Visiting the Camille Pissarro exhibition in Sydney, one is struck by Zola’s reference to Pissarro’s early landscapes “we sense that man has passed, rummaging in the ground, carving it up, saddening the horizon”. A more overt, contemporary and Australian feeling runs through the oil paintings in this exhibition, which explore a similar theme. 

In the Multipanel and Mining series, the contrast between the sublime outback and opencut mines in their various environments is investigated (including the use of yellow paint pigment powder similar to the goethite which naturally occurs in the Marra Mamba Formation near Mt Newman). The Highway series explores images of the impact of roads, particularly the M3 through the Hawkesbury Sandstone north of Sydney and some of the Pastoral Series the more “romantic” images of the settled environment (e.g. Mount Sinai is a remembered childhood landscape in SE Queensland).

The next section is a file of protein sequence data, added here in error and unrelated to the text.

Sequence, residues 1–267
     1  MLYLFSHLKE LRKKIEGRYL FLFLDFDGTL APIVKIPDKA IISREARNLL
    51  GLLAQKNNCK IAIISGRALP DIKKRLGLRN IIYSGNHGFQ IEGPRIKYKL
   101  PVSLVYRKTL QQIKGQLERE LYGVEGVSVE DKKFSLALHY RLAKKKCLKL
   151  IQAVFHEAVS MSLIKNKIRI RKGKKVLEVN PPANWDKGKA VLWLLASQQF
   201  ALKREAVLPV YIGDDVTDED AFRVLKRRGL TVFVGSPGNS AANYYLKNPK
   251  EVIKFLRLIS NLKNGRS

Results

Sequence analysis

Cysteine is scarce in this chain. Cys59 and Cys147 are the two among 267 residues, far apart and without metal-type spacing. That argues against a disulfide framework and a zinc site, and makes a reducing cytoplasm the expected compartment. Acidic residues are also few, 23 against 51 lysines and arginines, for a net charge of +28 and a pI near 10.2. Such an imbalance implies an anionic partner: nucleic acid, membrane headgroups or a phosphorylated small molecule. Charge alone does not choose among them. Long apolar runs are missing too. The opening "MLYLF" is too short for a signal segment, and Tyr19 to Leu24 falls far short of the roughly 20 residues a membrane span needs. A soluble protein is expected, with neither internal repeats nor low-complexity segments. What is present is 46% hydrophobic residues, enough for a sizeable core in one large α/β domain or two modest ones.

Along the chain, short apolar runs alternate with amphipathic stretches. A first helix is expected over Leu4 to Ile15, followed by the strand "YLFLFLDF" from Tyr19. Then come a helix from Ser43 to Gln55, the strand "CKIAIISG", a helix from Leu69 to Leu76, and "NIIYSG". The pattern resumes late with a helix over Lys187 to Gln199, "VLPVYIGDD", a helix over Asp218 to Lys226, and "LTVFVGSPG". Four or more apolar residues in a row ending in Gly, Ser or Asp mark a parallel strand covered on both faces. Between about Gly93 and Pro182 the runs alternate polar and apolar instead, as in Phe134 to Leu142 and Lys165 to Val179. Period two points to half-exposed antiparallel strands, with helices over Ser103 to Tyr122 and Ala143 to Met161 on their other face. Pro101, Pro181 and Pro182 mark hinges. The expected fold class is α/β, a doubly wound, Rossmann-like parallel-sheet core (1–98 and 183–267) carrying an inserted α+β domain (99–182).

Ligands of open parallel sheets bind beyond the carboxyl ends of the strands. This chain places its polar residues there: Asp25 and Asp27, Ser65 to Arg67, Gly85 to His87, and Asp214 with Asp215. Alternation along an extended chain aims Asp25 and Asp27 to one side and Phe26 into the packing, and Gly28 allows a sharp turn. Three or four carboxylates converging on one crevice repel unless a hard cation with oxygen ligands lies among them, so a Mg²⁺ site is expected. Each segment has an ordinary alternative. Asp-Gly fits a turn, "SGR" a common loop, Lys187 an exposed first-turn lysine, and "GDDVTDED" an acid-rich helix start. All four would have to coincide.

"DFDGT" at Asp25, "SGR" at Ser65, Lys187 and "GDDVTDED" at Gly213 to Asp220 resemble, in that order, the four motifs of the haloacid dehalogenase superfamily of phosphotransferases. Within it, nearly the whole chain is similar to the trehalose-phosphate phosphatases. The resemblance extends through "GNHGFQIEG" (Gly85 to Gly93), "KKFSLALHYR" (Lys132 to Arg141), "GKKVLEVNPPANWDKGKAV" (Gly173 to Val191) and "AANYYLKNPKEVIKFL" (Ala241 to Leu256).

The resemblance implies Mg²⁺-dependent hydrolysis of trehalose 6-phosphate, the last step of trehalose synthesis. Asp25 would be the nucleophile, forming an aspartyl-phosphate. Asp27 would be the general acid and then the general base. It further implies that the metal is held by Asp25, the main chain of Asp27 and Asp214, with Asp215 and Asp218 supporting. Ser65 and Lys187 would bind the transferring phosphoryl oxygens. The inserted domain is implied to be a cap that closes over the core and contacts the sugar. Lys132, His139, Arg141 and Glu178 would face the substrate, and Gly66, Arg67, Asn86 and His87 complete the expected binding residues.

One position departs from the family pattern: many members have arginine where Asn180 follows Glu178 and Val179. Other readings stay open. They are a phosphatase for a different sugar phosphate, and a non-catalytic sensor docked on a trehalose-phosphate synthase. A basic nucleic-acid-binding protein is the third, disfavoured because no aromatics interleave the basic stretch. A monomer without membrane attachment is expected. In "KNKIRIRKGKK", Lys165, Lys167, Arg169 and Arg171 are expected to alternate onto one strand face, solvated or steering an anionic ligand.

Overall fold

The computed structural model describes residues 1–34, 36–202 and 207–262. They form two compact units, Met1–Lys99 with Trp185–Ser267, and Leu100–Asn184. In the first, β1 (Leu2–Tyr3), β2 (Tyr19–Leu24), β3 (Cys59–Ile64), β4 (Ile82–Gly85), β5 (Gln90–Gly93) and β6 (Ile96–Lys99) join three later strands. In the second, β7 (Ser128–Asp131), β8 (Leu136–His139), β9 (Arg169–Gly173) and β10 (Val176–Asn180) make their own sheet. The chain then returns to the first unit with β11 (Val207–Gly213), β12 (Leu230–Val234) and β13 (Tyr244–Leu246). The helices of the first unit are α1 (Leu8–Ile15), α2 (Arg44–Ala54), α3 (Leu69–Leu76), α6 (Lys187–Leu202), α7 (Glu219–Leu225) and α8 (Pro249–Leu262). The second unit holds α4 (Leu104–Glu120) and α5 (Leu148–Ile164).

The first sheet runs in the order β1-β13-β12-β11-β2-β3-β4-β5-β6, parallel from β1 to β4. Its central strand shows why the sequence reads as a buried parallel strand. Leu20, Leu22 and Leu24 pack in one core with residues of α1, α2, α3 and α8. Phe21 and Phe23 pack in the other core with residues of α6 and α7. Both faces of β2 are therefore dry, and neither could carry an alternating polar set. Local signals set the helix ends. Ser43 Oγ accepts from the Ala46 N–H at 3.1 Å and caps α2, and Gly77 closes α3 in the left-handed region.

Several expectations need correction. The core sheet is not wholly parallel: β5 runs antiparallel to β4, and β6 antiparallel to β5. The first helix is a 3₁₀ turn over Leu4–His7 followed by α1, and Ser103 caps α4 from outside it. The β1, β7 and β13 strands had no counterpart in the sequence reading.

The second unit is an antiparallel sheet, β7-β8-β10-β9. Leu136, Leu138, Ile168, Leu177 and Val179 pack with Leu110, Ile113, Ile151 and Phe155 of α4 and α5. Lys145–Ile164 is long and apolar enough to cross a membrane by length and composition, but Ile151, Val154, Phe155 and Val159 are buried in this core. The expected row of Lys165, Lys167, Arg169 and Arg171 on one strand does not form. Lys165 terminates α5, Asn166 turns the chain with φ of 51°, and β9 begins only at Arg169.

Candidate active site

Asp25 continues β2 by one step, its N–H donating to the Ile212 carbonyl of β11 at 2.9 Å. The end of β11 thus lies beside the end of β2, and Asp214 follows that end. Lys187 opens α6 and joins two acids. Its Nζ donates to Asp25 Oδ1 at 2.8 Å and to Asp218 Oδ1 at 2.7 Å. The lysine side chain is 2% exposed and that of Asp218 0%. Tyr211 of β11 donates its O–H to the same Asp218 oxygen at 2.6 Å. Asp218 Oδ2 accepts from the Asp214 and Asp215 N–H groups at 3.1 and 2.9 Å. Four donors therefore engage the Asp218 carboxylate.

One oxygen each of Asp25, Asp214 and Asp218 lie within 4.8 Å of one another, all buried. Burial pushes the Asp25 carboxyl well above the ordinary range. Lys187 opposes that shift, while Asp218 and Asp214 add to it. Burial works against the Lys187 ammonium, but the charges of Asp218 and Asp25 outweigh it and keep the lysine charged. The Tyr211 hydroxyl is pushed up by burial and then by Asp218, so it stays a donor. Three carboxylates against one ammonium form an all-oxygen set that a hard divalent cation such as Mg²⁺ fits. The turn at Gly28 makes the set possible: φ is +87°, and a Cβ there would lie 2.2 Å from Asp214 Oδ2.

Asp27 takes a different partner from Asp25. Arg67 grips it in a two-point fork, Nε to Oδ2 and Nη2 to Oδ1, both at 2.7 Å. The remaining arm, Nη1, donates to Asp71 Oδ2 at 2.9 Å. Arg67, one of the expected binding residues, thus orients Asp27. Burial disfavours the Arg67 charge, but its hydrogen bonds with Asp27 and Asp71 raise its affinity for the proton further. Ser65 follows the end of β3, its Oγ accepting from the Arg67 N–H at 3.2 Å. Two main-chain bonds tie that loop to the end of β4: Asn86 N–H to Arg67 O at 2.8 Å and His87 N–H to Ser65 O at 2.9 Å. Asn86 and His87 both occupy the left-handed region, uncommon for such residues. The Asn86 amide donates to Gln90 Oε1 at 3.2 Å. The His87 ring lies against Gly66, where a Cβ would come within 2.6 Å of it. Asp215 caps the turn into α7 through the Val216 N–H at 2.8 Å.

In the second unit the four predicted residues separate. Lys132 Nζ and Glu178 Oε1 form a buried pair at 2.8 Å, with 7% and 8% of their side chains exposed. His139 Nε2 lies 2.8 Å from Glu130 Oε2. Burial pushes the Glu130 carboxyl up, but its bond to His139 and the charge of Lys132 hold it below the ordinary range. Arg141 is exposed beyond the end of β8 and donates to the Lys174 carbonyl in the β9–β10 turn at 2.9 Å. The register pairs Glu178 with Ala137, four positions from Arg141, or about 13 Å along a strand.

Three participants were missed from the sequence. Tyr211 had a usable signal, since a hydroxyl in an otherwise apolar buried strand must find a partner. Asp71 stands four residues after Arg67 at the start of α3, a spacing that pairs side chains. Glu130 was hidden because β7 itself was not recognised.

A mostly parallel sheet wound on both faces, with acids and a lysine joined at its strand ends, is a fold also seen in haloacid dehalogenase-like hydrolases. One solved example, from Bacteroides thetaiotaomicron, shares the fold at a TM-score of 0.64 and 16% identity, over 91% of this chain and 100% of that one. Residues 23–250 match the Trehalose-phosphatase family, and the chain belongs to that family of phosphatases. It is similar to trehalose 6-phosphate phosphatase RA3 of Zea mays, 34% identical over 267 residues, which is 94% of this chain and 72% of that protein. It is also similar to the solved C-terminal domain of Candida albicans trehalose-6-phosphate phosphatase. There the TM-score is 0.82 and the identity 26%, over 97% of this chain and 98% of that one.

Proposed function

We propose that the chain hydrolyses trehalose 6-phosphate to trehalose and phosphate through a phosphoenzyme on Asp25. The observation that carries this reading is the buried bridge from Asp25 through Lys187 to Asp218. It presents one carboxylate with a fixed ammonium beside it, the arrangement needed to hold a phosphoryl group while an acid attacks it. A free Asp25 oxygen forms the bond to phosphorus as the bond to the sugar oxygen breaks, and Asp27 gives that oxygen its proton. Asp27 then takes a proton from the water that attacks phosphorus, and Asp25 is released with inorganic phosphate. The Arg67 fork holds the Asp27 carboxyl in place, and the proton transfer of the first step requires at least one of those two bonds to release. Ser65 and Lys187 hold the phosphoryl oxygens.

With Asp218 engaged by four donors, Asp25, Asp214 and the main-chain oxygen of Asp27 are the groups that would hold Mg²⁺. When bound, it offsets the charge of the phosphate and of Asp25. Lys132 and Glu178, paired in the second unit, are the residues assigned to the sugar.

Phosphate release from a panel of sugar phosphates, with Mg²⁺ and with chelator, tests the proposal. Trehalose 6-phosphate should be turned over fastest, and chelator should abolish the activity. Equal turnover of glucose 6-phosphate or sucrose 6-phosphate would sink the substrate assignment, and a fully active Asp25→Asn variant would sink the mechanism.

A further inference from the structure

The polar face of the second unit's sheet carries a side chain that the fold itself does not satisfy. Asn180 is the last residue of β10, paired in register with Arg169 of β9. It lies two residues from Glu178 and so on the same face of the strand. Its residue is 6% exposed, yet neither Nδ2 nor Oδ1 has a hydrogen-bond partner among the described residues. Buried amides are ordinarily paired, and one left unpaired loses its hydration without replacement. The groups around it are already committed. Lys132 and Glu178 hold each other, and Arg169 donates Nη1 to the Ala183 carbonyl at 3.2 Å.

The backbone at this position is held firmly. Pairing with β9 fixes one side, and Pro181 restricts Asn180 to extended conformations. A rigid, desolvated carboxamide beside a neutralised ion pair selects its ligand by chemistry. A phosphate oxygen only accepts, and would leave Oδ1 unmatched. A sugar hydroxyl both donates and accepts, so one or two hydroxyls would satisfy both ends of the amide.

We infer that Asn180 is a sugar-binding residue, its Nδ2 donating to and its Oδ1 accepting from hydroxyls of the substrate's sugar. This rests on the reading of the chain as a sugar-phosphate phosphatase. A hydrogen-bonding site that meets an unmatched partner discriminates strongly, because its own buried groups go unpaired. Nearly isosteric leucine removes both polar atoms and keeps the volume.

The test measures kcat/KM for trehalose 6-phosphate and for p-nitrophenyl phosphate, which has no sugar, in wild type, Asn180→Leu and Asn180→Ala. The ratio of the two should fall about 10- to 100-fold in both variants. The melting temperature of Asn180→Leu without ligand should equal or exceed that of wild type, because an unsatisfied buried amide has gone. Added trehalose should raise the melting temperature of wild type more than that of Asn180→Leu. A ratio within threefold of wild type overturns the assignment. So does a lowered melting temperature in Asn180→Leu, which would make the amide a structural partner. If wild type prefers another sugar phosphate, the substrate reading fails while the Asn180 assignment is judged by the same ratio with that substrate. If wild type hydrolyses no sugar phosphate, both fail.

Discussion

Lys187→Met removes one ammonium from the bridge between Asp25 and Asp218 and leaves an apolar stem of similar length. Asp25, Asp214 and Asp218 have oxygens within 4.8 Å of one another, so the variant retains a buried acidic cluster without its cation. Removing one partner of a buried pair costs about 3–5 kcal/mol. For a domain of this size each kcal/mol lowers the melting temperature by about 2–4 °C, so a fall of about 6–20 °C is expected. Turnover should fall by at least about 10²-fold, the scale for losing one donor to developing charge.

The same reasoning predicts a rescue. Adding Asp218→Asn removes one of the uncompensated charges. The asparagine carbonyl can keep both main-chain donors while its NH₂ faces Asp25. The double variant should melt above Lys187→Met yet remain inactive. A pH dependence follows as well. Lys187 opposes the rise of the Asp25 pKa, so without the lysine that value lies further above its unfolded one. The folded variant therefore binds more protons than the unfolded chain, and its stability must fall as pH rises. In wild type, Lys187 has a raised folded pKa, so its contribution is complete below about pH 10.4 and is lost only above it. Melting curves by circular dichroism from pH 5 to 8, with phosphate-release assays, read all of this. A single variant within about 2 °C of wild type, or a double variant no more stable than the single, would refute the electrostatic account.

In the Pastoral Series several paintings focus on the Bacchus Marsh area where found objects, local rock types, and drawings have been combined to show landslip-prone iron, clay and gravel rich sediments with remnants of younger basaltic volcanic flows rimming the valleys and forming rounded and flat-topped forms. The basement rocks are older glacial deposits overlying igneous and metamorphic rocks. Fire, ice and water have all had a part to play in forming this landscape even prior to mankind’s impact. Whilst this geology makes the area uniquely susceptible to erosion it also reveals sculptural qualities that the works seek to capture. The stones and drawings reference the importance of the geology and the found objects the impact of pastoral activities. The Water Series seeks to contrast the human earthworks with more naturally sculptured landscapes. 

– Colin Palethorpe, February 2006